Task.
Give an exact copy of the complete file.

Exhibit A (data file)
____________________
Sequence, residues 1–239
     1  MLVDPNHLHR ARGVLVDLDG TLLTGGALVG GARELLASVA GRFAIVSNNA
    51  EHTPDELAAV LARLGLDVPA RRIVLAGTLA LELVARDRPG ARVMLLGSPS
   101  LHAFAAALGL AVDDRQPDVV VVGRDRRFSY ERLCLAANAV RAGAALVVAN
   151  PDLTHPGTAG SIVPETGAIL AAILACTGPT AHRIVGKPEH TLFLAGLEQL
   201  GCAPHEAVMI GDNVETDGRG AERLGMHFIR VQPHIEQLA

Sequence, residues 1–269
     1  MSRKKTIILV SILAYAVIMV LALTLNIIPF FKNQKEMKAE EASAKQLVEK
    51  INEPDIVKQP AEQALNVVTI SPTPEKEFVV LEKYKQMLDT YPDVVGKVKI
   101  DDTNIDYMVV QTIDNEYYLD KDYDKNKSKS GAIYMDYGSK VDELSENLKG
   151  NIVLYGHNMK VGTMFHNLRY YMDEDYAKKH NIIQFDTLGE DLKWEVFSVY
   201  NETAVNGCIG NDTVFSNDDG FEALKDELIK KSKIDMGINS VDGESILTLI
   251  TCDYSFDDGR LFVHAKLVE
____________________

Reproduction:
Sequence, residues 1–239
     1  MLVDPNHLHR ARGVLVDLDG TLLTGGALVG GARELLASVA GRFAIVSNNA
    51  EHTPDELAAV LARLGLDVPA RRIVLAGTLA LELVARDRPG ARVMLLGSPS
   101  LHAFAAALGL AVDDRQPDVV VVGRDRRFSY ERLCLAANAV RAGAALVVAN
   151  PDLTHPGTAG SIVPETGAIL AAILACTGPT AHRIVGKPEH TLFLAGLEQL
   201  GCAPHEAVMI GDNVETDGRG AERLGMHFIR VQPHIEQLA

Sequence, residues 1–269
     1  MSRKKTIILV SILAYAVIMV LALTLNIIPF FKNQKEMKAE EASAKQLVEK
    51  INEPDIVKQP AEQALNVVTI SPTPEKEFVV LEKYKQMLDT YPDVVGKVKI
   101  DDTNIDYMVV QTIDNEYYLD KDYDKNKSKS GAIYMDYGSK VDELSENLKG
   151  NIVLYGHNMK VGTMFHNLRY YMDEDYAKKH NIIQFDTLGE DLKWEVFSVY
   201  NETAVNGCIG NDTVFSNDDG FEALKDELIK KSKIDMGINS VDGESILTLI
   251  TCDYSFDDGR LFVHAKLVE